‘Bill” and “Mary” have rented from us for several years. Neither can work due to severe mental disabilities.
Occasionally, Bill needs a change in medicine. If he doesn’t get it in time, he starts hearing voices and becomes violent toward Mary. For the most part, however, they’re gentle people who need and deserve every program available to them.
“Georgia” is a healthy lady in her early 20s. I suspect she’s always been on welfare. She was six months pregnant when she rented the apartment and brought her violent boyfriend with her. In the ensuing fights, furniture was smashed and holes punched in the wall. The neighbor moved to avoid the violence.
It didn’t matter what the boyfriend did to her, when the police came, Georgia always said nothing was wrong.
“Marta” was an older welfare mother. She never quit demanding things. I built her a new security fence (which she never kept locked) and fixed pipes that froze because she refused to close the outside basement door. She destroyed the new floors, broke windows and left us with a mountain of trash including drug paraphernalia.
She made one improvement. She planted flowers. A week after she left, her live-in “uncle” came back and dug them up.
When my wife and I started our rental housing business, the Great Society was in its infancy. As a nation our compassion for the poor was exceeded only by our belief that government could wipe out poverty. What a difference three decades makes. The support system needed for the Bills and Marys became the crutch used by the Georgias and Martas to avoid responsible behavior.
Self-created or avoidable “disabilities” such as substance abuse, domestic violence and single motherhood became accepted excuses for joining the system. The mission of the welfare bureaucracy became one of qualifying clients for programs rather than preparing them to work.
In 1965, approximately 2 percent of the U.S. population was on welfare. By 1970 this percentage had tripled. This wasn’t caused by a sudden onslaught of bad luck or hard times. It was the result of a proliferation of programs, each needing a constituency to justify its existence.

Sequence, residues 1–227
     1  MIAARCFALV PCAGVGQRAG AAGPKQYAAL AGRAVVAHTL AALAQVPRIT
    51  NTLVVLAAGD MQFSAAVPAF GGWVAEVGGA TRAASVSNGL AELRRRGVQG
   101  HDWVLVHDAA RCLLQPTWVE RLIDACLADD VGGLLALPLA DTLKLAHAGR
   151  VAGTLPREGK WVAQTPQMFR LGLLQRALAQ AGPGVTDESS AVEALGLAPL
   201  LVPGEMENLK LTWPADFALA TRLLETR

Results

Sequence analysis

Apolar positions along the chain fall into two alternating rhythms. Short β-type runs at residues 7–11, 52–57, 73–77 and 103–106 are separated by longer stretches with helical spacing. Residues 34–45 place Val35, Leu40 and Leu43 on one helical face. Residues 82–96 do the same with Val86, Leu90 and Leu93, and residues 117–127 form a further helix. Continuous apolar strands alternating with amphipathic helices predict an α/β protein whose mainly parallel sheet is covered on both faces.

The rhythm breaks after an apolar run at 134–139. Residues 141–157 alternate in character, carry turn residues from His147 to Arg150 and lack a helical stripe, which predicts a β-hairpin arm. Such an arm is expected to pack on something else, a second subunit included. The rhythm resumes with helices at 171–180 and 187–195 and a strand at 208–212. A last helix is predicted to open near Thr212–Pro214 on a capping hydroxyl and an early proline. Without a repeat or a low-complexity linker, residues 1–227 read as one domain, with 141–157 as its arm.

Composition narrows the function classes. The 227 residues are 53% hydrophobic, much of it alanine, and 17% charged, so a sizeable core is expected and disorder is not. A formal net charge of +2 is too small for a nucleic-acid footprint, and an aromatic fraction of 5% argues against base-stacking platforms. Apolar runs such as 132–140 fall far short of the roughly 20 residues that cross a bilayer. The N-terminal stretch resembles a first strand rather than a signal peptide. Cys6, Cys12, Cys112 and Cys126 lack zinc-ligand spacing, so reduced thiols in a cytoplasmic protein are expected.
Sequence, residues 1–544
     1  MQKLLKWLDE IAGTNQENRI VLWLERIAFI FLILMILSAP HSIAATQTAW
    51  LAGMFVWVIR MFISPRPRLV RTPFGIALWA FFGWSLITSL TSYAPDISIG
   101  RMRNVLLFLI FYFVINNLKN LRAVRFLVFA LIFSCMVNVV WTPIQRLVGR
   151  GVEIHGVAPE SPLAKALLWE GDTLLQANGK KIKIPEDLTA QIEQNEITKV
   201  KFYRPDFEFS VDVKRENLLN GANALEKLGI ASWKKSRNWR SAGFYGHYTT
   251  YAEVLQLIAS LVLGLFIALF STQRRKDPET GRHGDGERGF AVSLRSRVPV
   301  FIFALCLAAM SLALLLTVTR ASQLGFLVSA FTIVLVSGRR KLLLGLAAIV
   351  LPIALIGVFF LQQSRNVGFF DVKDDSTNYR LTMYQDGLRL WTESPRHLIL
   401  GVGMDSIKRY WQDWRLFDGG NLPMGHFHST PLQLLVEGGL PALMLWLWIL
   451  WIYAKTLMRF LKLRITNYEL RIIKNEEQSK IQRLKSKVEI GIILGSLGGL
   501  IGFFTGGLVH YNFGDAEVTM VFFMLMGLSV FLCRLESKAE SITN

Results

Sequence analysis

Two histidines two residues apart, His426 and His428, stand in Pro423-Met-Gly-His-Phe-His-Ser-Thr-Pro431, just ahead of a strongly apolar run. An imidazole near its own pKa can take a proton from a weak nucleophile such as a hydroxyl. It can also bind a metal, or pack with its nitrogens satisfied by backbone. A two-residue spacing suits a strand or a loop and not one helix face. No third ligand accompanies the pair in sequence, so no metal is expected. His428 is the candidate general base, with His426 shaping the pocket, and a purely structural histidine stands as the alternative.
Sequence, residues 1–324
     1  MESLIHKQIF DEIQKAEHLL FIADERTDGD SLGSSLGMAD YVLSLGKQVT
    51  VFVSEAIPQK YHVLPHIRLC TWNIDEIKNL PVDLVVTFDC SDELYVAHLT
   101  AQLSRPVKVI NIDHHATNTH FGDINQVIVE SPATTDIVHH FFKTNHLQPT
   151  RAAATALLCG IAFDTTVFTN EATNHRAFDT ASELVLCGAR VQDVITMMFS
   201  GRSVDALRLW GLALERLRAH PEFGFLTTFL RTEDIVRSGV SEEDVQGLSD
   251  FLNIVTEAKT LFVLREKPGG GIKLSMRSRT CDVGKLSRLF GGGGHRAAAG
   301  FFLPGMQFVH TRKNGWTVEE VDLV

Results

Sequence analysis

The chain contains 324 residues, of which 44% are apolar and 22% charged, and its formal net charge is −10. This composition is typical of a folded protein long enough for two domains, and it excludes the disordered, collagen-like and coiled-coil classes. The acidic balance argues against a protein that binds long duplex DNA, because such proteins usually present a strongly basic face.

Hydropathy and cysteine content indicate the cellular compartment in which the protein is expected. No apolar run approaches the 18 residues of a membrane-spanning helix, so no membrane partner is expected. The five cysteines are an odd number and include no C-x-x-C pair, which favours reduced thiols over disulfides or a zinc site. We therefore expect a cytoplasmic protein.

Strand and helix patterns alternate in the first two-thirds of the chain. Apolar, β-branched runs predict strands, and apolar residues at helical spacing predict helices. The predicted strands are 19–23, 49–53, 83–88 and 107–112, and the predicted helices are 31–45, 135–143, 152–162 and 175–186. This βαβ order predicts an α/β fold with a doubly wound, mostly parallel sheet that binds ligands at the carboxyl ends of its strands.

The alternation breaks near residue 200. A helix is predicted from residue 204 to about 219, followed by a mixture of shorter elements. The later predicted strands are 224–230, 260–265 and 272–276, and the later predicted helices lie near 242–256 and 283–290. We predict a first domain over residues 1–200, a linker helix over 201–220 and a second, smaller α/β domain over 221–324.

I’ve rented to at least 100 long-term welfare families over the years. I’ve shared a thousand cups of coffee with these folks. Most are good people. Very few have significant handicaps, yet all are characterized by an unwillingness or inability to solve even the simplest of life’s problems.
Most make the lottery counter a regular stop. The boyfriend, who doesn’t contribute a dime, is a standard feature in these homes. Violence and substance abuse are considered normal and unavoidable.
The work ethic is almost nonexistent. They don’t grow gardens. They shun regular employment. Most have no concept of cause and effect. They simply don’t understand that in most cases, their situation is a direct result of their personal decisions and lifestyles.
Worst of all, they don’t believe that they have the ability to change.
It’s only when you see the agility with which they jump through the hoops, and their skill in mastering the system, that you realize that most recipients have plenty of ability, and that their reliance on the state for their livelihoods is learned.
This attitude is now being unlearned. Since federal welfare reform went into effect, welfare rolls nationwide have dropped by a third. In Idaho, caseloads have declined to where the state has a surplus of case workers.
I’m not sure how Washington state’s success stacks up with the rest of the country, but we’re clearly making progress. As attitudes change and programs are disbanded, the welfare poor will become the working poor moving toward a middle class life. The increase in self-discipline and self-esteem that results both in and from self-sufficiency will benefit us all. I’ll have better renters. Government will have more to spend on schools and roads. Substance abuse and crime, both of which thrive in a welfare environment, will decline.
The welfare state teaches that people are stupid and government is smart. That we cannot survive without being subsidized and regulated by our betters in government. As reform proceeds, the success of the welfare poor will show us how totally wrong these ideas are.
Perhaps we’ll even develop the courage to eliminate corporate welfare. What a progressive step that would be!